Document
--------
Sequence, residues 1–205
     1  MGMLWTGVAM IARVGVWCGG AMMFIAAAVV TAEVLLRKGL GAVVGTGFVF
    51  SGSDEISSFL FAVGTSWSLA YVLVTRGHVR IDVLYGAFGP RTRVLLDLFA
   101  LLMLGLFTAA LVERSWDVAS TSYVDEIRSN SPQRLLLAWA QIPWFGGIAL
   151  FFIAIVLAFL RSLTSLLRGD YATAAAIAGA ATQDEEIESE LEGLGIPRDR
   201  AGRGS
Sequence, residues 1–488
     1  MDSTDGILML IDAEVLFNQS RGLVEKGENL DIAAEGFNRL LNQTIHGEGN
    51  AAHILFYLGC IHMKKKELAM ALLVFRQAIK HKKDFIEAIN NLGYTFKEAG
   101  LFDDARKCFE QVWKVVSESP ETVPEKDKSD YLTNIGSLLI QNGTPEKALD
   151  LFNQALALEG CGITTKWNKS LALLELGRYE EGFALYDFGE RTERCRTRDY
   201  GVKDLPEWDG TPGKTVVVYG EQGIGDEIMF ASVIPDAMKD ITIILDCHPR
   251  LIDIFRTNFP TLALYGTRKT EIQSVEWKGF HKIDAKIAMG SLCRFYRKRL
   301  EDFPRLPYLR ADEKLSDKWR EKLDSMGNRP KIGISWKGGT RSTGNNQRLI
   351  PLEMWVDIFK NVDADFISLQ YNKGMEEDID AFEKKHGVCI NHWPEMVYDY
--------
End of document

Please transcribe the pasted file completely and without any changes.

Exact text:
Sequence, residues 1–205
     1  MGMLWTGVAM IARVGVWCGG AMMFIAAAVV TAEVLLRKGL GAVVGTGFVF
    51  SGSDEISSFL FAVGTSWSLA YVLVTRGHVR IDVLYGAFGP RTRVLLDLFA
   101  LLMLGLFTAA LVERSWDVAS TSYVDEIRSN SPQRLLLAWA QIPWFGGIAL
   151  FFIAIVLAFL RSLTSLLRGD YATAAAIAGA ATQDEEIESE LEGLGIPRDR
   201  AGRGS
Sequence, residues 1–488
     1  MDSTDGILML IDAEVLFNQS RGLVEKGENL DIAAEGFNRL LNQTIHGEGN
    51  AAHILFYLGC IHMKKKELAM ALLVFRQAIK HKKDFIEAIN NLGYTFKEAG
   101  LFDDARKCFE QVWKVVSESP ETVPEKDKSD YLTNIGSLLI QNGTPEKALD
   151  LFNQALALEG CGITTKWNKS LALLELGRYE EGFALYDFGE RTERCRTRDY
   201  GVKDLPEWDG TPGKTVVVYG EQGIGDEIMF ASVIPDAMKD ITIILDCHPR
   251  LIDIFRTNFP TLALYGTRKT EIQSVEWKGF HKIDAKIAMG SLCRFYRKRL
   301  EDFPRLPYLR ADEKLSDKWR EKLDSMGNRP KIGISWKGGT RSTGNNQRLI
   351  PLEMWVDIFK NVDADFISLQ YNKGMEEDID AFEKKHGVCI NHWPEMVYDY